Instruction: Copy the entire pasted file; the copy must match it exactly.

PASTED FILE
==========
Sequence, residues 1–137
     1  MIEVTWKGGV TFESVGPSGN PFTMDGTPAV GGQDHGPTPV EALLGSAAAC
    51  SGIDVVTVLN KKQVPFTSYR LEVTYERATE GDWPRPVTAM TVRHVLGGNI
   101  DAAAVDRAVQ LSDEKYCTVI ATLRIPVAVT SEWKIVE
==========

Sequence, residues 1–137
     1  MIEVTWKGGV TFESVGPSGN PFTMDGTPAV GGQDHGPTPV EALLGSAAAC
    51  SGIDVVTVLN KKQVPFTSYR LEVTYERATE GDWPRPVTAM TVRHVLGGNI
   101  DAAAVDRAVQ LSDEKYCTVI ATLRIPVAVT SEWKIVE